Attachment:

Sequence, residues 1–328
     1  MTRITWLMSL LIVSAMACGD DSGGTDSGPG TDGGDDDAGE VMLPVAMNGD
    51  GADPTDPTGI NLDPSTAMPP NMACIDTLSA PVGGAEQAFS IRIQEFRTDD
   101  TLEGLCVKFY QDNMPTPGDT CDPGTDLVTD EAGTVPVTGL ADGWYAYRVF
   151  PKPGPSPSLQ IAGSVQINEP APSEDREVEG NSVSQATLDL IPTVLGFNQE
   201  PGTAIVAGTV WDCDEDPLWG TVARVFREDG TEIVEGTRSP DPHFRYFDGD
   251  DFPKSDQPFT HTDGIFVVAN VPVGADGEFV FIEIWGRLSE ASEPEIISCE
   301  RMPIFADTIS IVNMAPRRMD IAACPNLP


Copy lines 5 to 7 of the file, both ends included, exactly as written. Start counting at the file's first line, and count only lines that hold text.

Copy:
   151  PKPGPSPSLQ IAGSVQINEP APSEDREVEG NSVSQATLDL IPTVLGFNQE
   201  PGTAIVAGTV WDCDEDPLWG TVARVFREDG TEIVEGTRSP DPHFRYFDGD
   251  DFPKSDQPFT HTDGIFVVAN VPVGADGEFV FIEIWGRLSE ASEPEIISCE